Android users have once again another reason to fear for their privacy and security in Google’s operating system after security analysts at Lookout revealed a host of new malware that, according to experts, will be very hard to remove from the ecosystem.
This new malware issue highlights the importance of making sure that the app you download and install in your mobile comes only from trusted sources and not third-party app stores.
Lookout researchers attributed the security problem to the bugs called Shuanet, ShiftyBug and GhostPush. According to the security vendor, the bugs have been responsible for the injection of adware into a great deal of apps and uploaded them to third party sources.
The findings resulted from a thorough examination of about 20,000 apps, some of them popular among Android users. Lookout security experts concluded with certainty that the bugs belonged to the same family after finding a close similarity in their codes.
Popular apps affected by the malware’s repackaging technique include the most widely used apps like Facebook and Twitter, among others, though security apps were excluded from the repackaging scheme for some bizarre reasons.
It is worth pointing out that no new exploit has been used with the malicious, repackaged apps. The culprit, in fact, are some root kits that exploit vulnerabilities in the apps. In other words, the nasty apps are designed to root your mobile device that runs Android and conceals the shenanigan from the phone’s owner.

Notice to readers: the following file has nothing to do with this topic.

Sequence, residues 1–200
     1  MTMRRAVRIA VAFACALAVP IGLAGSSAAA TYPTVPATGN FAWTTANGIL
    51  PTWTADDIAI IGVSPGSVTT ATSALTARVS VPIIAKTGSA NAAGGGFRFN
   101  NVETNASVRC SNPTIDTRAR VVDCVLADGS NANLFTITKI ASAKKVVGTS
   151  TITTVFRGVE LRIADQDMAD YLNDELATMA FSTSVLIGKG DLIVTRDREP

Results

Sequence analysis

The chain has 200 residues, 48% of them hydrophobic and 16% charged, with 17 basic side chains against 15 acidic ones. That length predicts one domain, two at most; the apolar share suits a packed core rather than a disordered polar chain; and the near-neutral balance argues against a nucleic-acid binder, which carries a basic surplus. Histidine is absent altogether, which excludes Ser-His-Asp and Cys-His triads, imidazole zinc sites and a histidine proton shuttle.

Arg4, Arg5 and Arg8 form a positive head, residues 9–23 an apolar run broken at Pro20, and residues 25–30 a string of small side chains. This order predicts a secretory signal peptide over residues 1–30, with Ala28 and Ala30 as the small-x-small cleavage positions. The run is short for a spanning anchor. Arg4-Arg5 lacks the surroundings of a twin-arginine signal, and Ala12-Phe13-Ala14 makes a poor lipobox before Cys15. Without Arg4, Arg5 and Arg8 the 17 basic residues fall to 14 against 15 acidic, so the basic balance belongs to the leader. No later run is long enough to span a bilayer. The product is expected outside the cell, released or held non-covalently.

Note that these malicious apps are not like the usual adware-infected apps whose activities you can easily detect, prompting you to remove them from your device. The malicious apps we are talking about here work in the background, making them extremely difficult to spot on for unsuspecting users.
In addition to the functions the developers intended for the apps to perform, the repackaged apps were injected with codes that do more devastating results to Android users. When a Facebook user, for example, updates his or her status or uploads photo, the malicious apps working in the background steal user information and send it to the attacker’s command and control server, where it will be used for various other malicious activities.
The most dangerous thing about these Android bugs is that users will not be able to remove them from their devices. The only way to avoid being the victim of the malware is to purchase a brand new handset, which will cost a lot.